Towering Humanity: Turk Pipkin’s Building Hope

Disabuse any inkling that Building Hope is cinematic broccoli. It’s a majestic and transformative entertainment and this documentary packs more emotional connectedness, stark naked compassion, unyielding gumption, and inspirational heft than a GooGooplex full of Hollywood fiction.

Building HopeDisabuse any inkling that Building Hope is cinematic broccoli. It’s a majestic and transformative entertainment and this documentary packs more emotional connectedness, stark naked compassion, unyielding gumption, and inspirational heft than a GooGooplex full of Hollywood fiction. And I am not the cheese here. This entirely true story of Turk Pipkin and the Nobelity Project’s tenacious creation of Kenya’s Mahiga Hope High School won the 2011 South by Southwest Film Festival Lone Star States Audience Award. It’s not important exactly how I know that you cannot jam that ballot box— the point is that Building Hope is a bona fide “feel good” movie (which is normally just marketing parlance for a trite and predictably happy ending). Also, insipid rom coms are not actually great date movies. Building Hope is (unlikely as that may sound at first blush). But really now, did the latest Kate Hudson vehicle (to pick a name) put you in touch with the energizing wonder of human existence and possibility? When the lights came up, my spectacles were quite literally spotted from teardrops (mostly from the joy of my heart melting but also from moments of it breaking).

Building Hope is populated with a gallery of inspirational and selfless folks, not the least of which are the students of Mahiga (whose smiles, especially on class picture day, are indelible). Amongst these folks are Greg Elsner, the volunteer on-site “hippie architect from Minnesota,” local educator and point man Joseph Mutongu, executive producer and international non-profit darling Christy Pipkin, and the three young Austin siblings who raised $10,000 for substantial kitchen improvements. A vital construction component is the RainWater Court, which collects and stores drinking water with solar powered purification for the drought prone rural area and also serves as a full basketball court. Mr. Pipkin introduces the sport to the community for the very first time. From demonstrating the concept of dribbling, to the initially carnival midway-esque and comically under-sized homemade rim, and to the students eventual mastery of the game is one of the exemplary narrative arcs of concrete progress that will make you marvel.

Mahiga Primary Choir at the High School grand opening
Mahiga Primary Choir at the High School grand opening

All proceeds from the forty-four screenings at the Violet Crown Cinema June 3rd – 9th, 2011, will benefit the Nobelity Project’s Kenya Schools Fund.

The following is a transcript of the impromptu visit I had with director Turk Pipkin right after the June 1st Crown Violet screening.

Steve Birmingham: I was struck by the statistic that it would cost 11 billion dollars a year to educate every child in the world through Grade 8 and, for Americans, 11 billion is less than our military spends in one week.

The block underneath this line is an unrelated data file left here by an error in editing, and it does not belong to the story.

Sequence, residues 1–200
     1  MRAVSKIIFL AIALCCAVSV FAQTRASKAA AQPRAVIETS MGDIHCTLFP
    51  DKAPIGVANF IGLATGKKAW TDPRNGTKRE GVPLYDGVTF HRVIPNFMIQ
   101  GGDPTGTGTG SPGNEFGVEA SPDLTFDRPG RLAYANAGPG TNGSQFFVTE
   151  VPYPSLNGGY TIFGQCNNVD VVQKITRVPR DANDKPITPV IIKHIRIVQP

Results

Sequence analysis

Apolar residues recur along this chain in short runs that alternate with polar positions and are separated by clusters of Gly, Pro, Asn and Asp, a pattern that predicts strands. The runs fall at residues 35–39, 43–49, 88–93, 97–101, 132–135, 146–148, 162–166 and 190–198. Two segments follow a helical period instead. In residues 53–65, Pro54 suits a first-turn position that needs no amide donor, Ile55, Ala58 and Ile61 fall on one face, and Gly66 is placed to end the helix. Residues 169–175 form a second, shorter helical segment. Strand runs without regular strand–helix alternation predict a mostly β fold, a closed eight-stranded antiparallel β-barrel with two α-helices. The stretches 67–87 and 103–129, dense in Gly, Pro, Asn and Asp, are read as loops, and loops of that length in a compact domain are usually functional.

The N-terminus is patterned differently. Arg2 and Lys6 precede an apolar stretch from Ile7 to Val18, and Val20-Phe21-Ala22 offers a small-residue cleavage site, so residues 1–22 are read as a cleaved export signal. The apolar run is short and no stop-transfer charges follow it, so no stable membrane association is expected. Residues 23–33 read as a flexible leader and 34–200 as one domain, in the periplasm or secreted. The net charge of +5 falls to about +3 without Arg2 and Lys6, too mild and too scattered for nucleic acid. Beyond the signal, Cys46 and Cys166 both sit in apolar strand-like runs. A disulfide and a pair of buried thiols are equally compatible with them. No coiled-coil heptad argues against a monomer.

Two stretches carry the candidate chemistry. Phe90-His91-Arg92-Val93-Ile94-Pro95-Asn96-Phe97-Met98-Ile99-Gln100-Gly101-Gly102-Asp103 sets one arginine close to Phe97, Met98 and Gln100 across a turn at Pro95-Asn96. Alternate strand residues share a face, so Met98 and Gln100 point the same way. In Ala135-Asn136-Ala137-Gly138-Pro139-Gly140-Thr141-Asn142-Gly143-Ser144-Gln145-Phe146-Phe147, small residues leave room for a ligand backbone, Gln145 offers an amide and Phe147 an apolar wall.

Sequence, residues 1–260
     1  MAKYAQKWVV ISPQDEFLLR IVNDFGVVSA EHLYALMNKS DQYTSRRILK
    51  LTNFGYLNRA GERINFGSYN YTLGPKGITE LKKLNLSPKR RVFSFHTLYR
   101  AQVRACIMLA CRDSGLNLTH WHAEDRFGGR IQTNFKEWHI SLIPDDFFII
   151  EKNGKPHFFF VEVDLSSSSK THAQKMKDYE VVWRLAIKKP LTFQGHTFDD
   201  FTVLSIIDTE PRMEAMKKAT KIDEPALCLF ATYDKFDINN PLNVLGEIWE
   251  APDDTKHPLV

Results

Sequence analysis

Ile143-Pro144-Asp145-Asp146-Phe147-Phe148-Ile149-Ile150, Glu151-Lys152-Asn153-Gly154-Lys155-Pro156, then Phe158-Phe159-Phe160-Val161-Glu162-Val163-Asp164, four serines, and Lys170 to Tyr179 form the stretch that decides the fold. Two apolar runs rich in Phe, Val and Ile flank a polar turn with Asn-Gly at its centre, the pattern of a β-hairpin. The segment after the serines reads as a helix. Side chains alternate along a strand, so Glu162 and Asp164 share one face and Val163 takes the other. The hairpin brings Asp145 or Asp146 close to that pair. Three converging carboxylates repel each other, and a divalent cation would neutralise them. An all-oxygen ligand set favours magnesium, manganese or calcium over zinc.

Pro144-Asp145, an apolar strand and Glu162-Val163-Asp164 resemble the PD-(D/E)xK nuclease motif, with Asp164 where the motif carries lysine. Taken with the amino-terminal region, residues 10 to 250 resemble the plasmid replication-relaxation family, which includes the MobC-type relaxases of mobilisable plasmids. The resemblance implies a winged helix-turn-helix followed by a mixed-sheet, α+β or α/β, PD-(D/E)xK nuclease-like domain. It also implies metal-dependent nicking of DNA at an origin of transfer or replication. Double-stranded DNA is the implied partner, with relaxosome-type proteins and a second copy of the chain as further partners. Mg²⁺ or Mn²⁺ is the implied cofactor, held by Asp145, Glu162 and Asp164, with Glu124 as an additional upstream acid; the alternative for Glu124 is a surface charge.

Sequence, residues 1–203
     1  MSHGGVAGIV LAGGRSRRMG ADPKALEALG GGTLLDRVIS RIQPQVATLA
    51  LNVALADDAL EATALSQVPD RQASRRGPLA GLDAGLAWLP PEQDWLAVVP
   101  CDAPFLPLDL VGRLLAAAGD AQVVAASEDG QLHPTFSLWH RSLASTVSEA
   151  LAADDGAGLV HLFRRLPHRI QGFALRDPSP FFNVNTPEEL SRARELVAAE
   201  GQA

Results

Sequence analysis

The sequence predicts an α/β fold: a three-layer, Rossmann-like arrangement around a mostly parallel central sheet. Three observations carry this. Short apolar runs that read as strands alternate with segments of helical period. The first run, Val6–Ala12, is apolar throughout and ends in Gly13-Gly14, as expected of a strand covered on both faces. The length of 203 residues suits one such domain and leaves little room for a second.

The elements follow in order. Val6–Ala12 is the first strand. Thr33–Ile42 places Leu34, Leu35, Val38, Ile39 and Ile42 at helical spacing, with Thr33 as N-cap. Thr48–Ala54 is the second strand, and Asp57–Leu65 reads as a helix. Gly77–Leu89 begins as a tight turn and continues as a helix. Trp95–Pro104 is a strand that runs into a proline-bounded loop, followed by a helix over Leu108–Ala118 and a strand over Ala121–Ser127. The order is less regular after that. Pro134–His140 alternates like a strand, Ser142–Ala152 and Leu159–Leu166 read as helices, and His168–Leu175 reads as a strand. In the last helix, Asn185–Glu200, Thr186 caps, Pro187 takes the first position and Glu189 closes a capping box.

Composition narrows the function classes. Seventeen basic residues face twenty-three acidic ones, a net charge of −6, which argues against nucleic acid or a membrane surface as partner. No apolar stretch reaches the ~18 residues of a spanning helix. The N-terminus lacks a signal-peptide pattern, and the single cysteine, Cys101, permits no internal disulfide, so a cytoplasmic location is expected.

Turk Pipkin: You’ve zeroed in on something that’s fairly imprecise. That’s a quote that actually comes from Queen Rania [of Jordan] that was actually in One Peace at a Time [Pipkin’s previous film]. I talked to her about it at Clinton Global Initiative a couple of years ago after she had spoken there [See Pipkin’s Sept. 13, 2009 “One Peace at a Time – The Right to an Education”]. Later in the film I talk about the idea of universal secondary education and then we’re talking about much larger numbers. Free, universal secondary education is one of the Millennium Development goals. But when they started in 2000, there wasn’t even universal primary education. What happened in Kenya is in the early ‘90s the World Bank advised Kenya to quit paying for primary school (“Let parents pay for it”) because they weren’t paying back their debt to the International Monetary Community. So they suspended free primary school on the assumption that parents could pay a few bucks a month. And half the country no longer went to school. Which, in my belief, is one of the reasons that country was primed to have post-election violence a few years ago because there’s a big generation of young people that didn’t get educated and they don’t have any opportunity, they’re living in slums, and there’s political unrest. They’re easily swayed to go one-way or the other and, actually, they’re for hire (which is a lot of what happened in that political unrest they had for the contested election). So, in ’03 they reinstated free primary education but now we’re eight years later and what’s really happened is all those kids have come up and (just like there was in the first five or six years with the primary school) there’s not enough places for them to go to secondary school. But it’s not just in Kenya; it’s all across Africa. Worse there than other parts of the developing world but it’s ridiculous to think that the developing world is going to change in substantive ways if kids don’t get a high school education. What do you do with an 8th Grade, y’know?